Sex Tips From The Experts: Passionate Long Term Couples

Margie Nichols, Ph.D.By Margie Nichols, Ph.D.

Years ago Jack Morin wowed the field of sexology with his book “The Erotic Mind.”  He created a new paradigm for sexual arousal that explained why sex can be particularly hot if it is taboo, forbidden, unattainable, and why couples seem to lose interest in sex the longer the relationship goes on – even if the relationship is great otherwise.

Now, Jack is unveiling the results of a project he began in 1996: interviewing couples together ten years or longer who still have sex at least once a week and report that the sex is satisfying and enjoyable, and at times memorable.  Morin has analyzed the data from almost 100 of these couples representing heterosexual, gay male, and lesbian couples.  And, he has compared them to couples who experience sexual distress, specifically lack of desire after some time together.  I had the opportunity hear him speak at a conference in March 2012 and will hereby attempt to summarize his results.  All credit to Morin, all mistakes are mine.:)

FIRST THE TAKE HOME:                                     

MORIN’S SUMMARY:  The greatest obstacle to a ‘hot’ ongoing sex life is the romantic mythology that surrounds our beliefs about sex and love.  Overall, what ‘hot’ couples do that ‘cool’ ones don’t is that they are practical and objective about sex.  They don’t believe sex should be spontaneous, that their partners should know their desires without communication, that sex should always be ‘hot’ and effortless. They know that a good sex life is more like a beloved hobby than a  mysterious force that sweeps you away.   Therefore, both members make regular sex a priority, by scheduling time each week to be intimate. They intentionally nurture, protect, and prioritize their sex life and develop rituals that help them initiate and accept advances..  In addition, they value individuality and differentiation, which enhances sexual desire.

So here are more specifics, some of the ‘secrets’ of ‘hot’ long term couples:

  1. ‘Hot’ couples have a lot of ‘maintenance sex,’ that is, sex that is ‘average,’ but scheduled on a regular basis to keep sex a priority and to make it a positive habit.  The regularly scheduled maintenance sex provides the couple with opportunities to have ‘exceptional’ sex. This might be the single biggest difference between ‘hot’ and ‘cold’ couples.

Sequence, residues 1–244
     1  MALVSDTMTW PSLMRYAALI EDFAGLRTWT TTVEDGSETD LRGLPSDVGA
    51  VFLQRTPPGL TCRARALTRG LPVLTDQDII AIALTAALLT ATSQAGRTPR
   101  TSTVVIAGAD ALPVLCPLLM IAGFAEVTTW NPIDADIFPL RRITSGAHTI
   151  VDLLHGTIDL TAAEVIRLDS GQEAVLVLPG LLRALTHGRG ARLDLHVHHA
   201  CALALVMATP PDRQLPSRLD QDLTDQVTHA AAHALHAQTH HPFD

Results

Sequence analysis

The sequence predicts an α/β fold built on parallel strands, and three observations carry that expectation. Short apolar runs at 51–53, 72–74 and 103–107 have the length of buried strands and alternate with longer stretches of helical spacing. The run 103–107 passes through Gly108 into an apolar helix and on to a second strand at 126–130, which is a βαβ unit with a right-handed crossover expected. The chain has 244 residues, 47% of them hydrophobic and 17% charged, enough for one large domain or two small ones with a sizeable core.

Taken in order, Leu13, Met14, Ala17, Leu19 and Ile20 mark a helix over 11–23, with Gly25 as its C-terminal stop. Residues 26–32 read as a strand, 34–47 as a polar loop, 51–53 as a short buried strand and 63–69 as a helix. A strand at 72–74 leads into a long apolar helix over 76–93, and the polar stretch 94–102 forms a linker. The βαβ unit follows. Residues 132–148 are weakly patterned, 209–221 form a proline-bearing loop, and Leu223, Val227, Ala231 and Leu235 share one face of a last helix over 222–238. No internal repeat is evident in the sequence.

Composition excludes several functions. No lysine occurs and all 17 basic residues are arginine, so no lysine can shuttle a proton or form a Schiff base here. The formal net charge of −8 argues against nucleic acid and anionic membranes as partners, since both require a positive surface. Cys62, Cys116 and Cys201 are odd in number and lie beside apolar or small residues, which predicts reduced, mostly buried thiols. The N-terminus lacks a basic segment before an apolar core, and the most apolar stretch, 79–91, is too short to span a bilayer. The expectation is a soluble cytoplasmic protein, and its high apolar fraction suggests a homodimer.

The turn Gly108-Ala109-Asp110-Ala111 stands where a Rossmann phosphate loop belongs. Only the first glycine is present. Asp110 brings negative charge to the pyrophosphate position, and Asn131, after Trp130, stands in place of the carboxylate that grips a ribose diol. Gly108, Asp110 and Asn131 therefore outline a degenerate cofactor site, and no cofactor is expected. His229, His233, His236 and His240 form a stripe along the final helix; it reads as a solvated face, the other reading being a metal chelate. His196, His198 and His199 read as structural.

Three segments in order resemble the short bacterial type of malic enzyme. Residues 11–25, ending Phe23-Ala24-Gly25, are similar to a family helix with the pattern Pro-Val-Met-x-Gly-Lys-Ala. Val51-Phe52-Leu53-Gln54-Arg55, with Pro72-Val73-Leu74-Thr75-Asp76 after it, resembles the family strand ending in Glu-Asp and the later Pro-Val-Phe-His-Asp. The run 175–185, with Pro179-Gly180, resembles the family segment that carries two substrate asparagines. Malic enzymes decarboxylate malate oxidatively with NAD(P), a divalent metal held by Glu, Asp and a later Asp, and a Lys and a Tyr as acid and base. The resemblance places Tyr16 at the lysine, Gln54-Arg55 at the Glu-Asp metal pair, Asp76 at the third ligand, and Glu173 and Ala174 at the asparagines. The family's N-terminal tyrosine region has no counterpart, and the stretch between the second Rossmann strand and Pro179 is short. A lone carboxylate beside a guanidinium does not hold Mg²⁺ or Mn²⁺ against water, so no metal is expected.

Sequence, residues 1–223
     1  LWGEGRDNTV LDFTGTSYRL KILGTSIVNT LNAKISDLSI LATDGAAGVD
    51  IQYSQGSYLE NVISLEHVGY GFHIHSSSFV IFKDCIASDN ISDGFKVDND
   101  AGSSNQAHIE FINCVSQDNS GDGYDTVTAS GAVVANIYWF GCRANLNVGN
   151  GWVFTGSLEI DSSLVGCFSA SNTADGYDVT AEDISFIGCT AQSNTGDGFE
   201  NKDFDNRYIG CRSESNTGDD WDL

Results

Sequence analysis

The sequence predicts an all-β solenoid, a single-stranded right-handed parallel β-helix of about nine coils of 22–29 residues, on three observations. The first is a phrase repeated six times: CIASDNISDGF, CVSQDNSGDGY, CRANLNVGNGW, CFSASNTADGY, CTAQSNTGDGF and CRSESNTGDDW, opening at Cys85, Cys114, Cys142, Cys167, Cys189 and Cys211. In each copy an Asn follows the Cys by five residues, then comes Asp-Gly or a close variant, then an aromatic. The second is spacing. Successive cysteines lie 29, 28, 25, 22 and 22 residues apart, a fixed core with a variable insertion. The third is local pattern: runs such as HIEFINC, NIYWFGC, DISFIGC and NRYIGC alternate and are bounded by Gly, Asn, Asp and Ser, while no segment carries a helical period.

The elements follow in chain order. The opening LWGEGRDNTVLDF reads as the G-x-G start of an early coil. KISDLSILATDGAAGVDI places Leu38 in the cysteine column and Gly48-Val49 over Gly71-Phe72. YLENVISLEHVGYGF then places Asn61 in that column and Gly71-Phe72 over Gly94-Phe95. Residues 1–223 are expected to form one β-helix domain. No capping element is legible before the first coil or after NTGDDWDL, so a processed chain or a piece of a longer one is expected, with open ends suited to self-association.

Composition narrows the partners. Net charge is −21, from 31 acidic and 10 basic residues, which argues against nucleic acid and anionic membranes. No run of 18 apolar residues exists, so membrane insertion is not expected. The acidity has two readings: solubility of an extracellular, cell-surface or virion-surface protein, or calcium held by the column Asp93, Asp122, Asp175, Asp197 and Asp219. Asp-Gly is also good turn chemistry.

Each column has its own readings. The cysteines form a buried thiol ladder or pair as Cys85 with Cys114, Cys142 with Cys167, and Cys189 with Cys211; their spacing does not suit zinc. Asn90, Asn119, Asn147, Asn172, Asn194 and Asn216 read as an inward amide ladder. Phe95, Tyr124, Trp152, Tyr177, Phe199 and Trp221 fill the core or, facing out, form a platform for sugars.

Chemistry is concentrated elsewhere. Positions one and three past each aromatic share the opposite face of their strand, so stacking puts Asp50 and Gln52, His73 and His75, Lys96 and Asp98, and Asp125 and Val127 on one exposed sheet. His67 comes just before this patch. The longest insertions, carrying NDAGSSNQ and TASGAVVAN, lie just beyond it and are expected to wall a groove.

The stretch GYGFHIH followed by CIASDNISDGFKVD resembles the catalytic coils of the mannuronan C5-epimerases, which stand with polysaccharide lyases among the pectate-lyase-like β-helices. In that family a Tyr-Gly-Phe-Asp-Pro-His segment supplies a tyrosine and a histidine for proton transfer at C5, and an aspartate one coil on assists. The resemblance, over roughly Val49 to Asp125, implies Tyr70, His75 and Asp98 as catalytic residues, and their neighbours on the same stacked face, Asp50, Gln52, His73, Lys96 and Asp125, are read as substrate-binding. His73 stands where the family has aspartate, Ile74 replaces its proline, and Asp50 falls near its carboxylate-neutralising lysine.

2. ‘Hot’ couples have dry spells (especially after kids), problems, ups and downs, just like ‘cold’ couples – but they keep on having that maintenance sex anyway.
  3. ‘Hot’ couples develop their own communication system, rituals, and habits about sex.  They are more receptive to partner’s approaches, more ‘game’ to try to kindle a spark even if they don’t feel ‘horny.’ And they create a climate of safety and non-rejection.
  4. ‘Hot’ couples lose limerance just like ‘cold’ couples do – but they deal with it differently.  Instead of bemoaning the loss and fantasizing about a relationship where limerance lasts forever, they normalize it, even joke with each other about it.
  5. They are ‘differentiated’ couples, i.e., each are strong individuals and they appreciate and support each others’ differences instead of minimizing differences. Morin opines that the tendency of super-friendly couples to downplay differences and disagreements is the enemy of sexual desire.
  6. Many are sexually energized by small insecurities and jealousies: they appreciate their mate’s attractiveness to others and can overcome jealousy and turn it into desire.
  7.  Generally, at least one partner has a rich ‘solo’ erotic life, i.e., fantasies and masturbation.  This is encouraged, not seen as a threat
  8.  After a number of years, a substantial number ‘open’ their relationships, via bringing in a third person or another couples, swinging, polyamory, other types of sexual nonmonogamy.

None of these things can be accomplished in a relationship where there are basic trust violations or where communication has deteriorated to attack and defense.  But many couples who have good, intact relationships overall have nearly non-existent sex lives after a number of years.  If both people are okay with that – it’s not a problem.  But often one person is NOT okay with it, or the couple misses the passion and wants to revive sex. For these couples, Morin’s work can serve as a guide back, not to what they had in the beginning, but to a satisfying sex life that still has its moments to remember.

 

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